BY THE SEAPORT COALITION |
The South Street Seaport Museum, its collections and historic ships, has had to be rescued from financial ruin many times in the past. Unlike some other museums, the city has charged the South Street Seaport Museum rent on the city-owned site and has slowly taken away the museum’s permanent revenue stream; all this even though the museum was set up as the guardian of the Seaport Historic District, its ships and its 18th- and 19th-century buildings.
The fix is in
In 2013, the Economic Development Corporation (essentially, the mayor) and the Texas-based developer Howard Hughes Corporation, nearly 25 percent owned by billionaire Bill Ackman, revised the Seaport master lease and, in a secret backroom deal, stripped away monies from leases and dock fees originally intended to fund the museum, all without the museum being invited to the table.
After ruining the museum’s chances of survival, Howard Hughes is using it as a pawn, calling it the “Heart of the Seaport.” The developer now offers to “rescue” the ailing institution with $50 million — but only if it can shatter the historic district’s 120-foot zoning cap with a massive 345-foot-tall building at 250 Water St., setting a precedent repeatable within the Seaport and other historic districts throughout the city.
E.D.C. and Howard Hughes conspired to defund the museum. Now E.D.C. should take the lead and redirect cash flows and unsold assets from the historic district back to the museum so it can fulfill its mission, preserving and safeguarding the historic district.
Hughes paid $180 million for the 250 Water St. site. To justify the price to its shareholders, it wants to erect a 345-foot-tall mega-building, despite the historic district zoning’s 120-foot cap and neighboring buildings that are only five stories tall.
What you see is NOT what you get
Hughes is NOT building a new museum on John St.; it’s ONLY paying for design and approvals. Convenient, since this is linked to approvals needed for the developer’s mega-tower project.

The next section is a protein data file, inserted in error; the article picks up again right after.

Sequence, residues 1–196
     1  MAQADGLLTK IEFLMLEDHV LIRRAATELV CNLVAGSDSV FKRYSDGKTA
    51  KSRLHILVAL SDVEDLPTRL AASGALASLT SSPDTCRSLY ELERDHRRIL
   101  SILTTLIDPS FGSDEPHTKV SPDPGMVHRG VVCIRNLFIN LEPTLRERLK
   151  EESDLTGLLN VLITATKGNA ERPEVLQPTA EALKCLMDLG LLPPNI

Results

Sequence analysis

The help Hughes Corp. promises for the museum is not for renovations to the Schermerhorn building but ONLY for facade repairs, which is an existing obligation since 2013.
In Hughes’s plan presented to the Landmarks Preservation Commission, museum spaces will be downsized and unused public spaces given to Hughes to monetize.
Let me in
Meanwhile, the museum has an unused $12.5-million Superstorm Sandy FEMA grant for reopening galleries and repairing elevators/escalators and HVAC to protect at-risk collections, yet has been shuttered since 2012.
The disappearing act
Internal Hughes Corp. documents show the developer plans to flip the property pending city approvals. Hughes is not obligated to transfer any neighborhood amenities when it sells, and it has given no signed document of the “promised” gift of $50 million to the museum. Amenities promised during land-use negotiations disappear MANY times in deals all over the city, with elected officials powerless to stop it.
Now you see it, now you don’t
Hughes Corp. has a track record of lying to the community about amenities, including promised green public park space on Pier 17, a 10,000-square-foot Fulton Stall Market, another greenmarket and talk of saving the museum several times — none of which have materialized.
Hughes is already downsizing community benefits connected to the 250 Water St. project, including:
1.) a reduction in low-income housing from 160 down to 70 units, and not very affordable.
2.) a “gift” of outdoor space: a play street outside Peck Slip School — the public street the school already uses! Construction of the extra-tall development would shut the street down for years longer than if the Hughes project was built as of right under the current height cap.
Hughes could build today. The Seaport Coalition and Community Board 1 welcome construction of a project at the 120-foot, zoned-height limit. Instead, Hughes’s mega-building will take years longer to build — years of more noise, heavy machinery and exposure to toxic chemicals for nearby seniors and more than 1,000 schoolchildren.
The 250 Water St. site was found to contain extremely dangerous elemental mercury, lead-contaminated groundwater and oil storage tanks, to name a few. An estimated 1 million cubic feet of clean and dirty soil needs to be excavated (more than 3,700 truckloads) and carted away on busy Pearl St. near three schools.
Selling public assets
The city, not Hughes Corp. owns air rights from the Tin Building / Pier 17. The Seaport Coalition has a viable plan for selling these publicly owned assets to a willing buyer for use outside the historic district, while the revenue would directly benefit the museum. Elected officials and the mayor have ignored this plan.
The South Street Seaport Historic District is on the National Trust for Historic Preservation’s list of 15 Most Endangered Districts in the U.S. Smashing the 120-foot zoning could open up the district to high-rise development and destroy the 19th-century low-scale neighborhood “where modern-day New York began.”